Wednesday, January 27, 2010
To Bed with Grand Music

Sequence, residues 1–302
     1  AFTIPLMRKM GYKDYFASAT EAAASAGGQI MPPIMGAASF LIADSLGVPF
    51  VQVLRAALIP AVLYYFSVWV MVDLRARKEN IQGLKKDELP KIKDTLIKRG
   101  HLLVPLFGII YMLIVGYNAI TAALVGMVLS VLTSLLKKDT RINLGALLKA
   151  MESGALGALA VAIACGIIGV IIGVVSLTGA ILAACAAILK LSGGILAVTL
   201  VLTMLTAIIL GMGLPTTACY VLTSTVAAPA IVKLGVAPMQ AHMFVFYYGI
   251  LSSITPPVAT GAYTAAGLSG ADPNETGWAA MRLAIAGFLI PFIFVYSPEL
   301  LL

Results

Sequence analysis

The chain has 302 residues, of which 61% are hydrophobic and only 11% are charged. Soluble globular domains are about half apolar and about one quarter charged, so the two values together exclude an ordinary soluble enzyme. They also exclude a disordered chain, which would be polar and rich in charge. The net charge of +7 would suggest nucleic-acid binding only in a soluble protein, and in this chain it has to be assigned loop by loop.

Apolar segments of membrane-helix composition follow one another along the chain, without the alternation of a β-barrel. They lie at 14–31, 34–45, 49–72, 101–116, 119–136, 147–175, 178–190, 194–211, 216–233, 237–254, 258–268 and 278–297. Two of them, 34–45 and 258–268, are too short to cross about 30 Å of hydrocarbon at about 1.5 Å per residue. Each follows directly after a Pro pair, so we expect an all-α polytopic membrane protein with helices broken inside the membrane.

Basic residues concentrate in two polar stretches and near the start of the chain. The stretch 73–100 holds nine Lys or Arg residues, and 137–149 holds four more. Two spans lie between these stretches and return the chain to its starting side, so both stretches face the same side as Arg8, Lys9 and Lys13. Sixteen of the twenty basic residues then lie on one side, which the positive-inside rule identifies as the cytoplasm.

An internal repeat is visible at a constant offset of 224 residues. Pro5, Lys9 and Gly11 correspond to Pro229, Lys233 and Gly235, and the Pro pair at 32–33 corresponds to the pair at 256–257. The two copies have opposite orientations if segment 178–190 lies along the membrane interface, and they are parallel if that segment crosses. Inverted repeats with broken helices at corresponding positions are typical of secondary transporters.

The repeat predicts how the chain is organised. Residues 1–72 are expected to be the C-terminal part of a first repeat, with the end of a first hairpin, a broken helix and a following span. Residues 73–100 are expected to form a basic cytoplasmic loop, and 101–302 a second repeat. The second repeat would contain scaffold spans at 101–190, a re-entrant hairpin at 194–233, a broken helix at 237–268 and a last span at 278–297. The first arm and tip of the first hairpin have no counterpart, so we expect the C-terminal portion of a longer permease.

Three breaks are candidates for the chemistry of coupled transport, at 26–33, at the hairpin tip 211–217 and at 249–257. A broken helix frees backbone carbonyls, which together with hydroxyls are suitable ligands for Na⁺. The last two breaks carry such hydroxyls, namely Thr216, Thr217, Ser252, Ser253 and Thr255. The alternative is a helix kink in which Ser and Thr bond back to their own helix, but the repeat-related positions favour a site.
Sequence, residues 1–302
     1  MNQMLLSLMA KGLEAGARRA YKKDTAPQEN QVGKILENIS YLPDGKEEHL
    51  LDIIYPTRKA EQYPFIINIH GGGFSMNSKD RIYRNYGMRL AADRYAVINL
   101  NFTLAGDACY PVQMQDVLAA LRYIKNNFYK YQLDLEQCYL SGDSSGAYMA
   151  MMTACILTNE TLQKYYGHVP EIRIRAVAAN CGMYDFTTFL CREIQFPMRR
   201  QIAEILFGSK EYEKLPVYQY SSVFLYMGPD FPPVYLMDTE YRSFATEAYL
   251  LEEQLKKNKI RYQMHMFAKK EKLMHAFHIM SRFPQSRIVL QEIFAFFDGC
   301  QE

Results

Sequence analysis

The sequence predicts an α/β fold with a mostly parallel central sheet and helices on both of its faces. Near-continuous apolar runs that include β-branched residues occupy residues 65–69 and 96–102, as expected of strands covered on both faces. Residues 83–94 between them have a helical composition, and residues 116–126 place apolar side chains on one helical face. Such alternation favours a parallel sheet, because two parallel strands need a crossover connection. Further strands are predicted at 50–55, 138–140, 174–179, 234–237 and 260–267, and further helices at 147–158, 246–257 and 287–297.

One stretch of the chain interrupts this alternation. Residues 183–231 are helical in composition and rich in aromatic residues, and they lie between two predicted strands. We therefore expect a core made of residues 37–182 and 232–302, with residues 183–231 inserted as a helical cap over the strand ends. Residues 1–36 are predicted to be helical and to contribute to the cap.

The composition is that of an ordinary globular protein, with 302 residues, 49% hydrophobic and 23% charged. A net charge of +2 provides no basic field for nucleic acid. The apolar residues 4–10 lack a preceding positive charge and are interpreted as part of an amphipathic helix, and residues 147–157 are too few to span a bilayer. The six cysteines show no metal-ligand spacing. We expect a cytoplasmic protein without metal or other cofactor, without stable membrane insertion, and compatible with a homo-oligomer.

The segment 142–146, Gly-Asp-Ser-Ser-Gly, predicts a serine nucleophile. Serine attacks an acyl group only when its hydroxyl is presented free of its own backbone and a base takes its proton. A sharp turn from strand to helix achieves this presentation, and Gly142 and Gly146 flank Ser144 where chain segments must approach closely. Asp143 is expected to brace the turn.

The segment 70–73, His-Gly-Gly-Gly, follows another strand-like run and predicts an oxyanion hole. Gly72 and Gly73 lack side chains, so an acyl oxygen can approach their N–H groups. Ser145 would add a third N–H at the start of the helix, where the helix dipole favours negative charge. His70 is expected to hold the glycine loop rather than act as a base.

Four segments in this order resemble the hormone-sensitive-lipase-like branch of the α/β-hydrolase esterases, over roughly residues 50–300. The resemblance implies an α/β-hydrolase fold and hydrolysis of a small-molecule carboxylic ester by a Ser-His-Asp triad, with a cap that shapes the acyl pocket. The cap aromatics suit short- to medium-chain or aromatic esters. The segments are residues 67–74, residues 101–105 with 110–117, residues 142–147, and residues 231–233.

When Vera Lynn was singing 'We'll meet again...', it would have touched the hearts of many a young woman during WWII. Deborah Robertson would not have been one of those women. The image we usually have of women whose husbands are away at war is one of housework, queuing for rations, chats over the wall and knitting while listening to the wireless. Marghanita Laski does a fantastic job of showing us that there were women who chose to spend their time engaged in other pursuits. Leaving her young son, Timmy, with the housekeeper, Deborah sets off for London to look up a friend named Madeleine. After some inquiries and decisions are made, the two women are sharing a flat. Staying in at night with their hair in rollers and eating beans on toast is not for these two. Madeleine has a steady stream of male friends taking her out to dinner and it's not long before Deborah is joining in, after all, a girl has to eat doesn't she? Drinks follow dinner and then it's sex. Being faithful while apart is something that Graham said was unlikely, I'm not going to promise you I'll be physically faithful to you, because I don't want to make you any promise I may not be able to keep'. Social mores of the time implied that women would absolutely be faithful lest they be labeled by the proverbial scarlet letter. At first, Deborah is shocked by her behaviour and swears to herself that it won't happen again. But it does...over and over with a string of men. Soon she becomes skilled at saying and doing all the things her lovers want to acquire perfume, furs, jewellery, shoes and handbags. At her core, Deborah is selfish so she justifies her actions with ease and any guilt is fleeting. During an air raid, I desperately wanted a bomb to drop on the very table she was dining at with her latest companion! This is where I thoroughly admire Laski's writing, she was able to have me despise the main character and still love the book. I haven't hated a character so much since Louise from Someone at a Distance by Dorothy Whipple. Even though this is a story about men, women and sex during the war, it's so far removed from being romanticized. Turning the last few pages, I wondered how this was all going to end...I was gobsmacked, Laski has a brilliant way with an ending. Just as in Little Boy Lost, you read the last few lines and then stare at the page in disbelief. This is not one of those books that will have you hugging it to your chest as you close the cover, more likely you'll want to fling it across the room! But only because Laski has executed the characterization so well as to bring forth such visceral emotion. This one has me wishing that I could sit in on another book chat at Persephone, I would love to hear Nicola's thoughts on everything about it. So if she does offer one, could someone please attend and let me know what she has to say?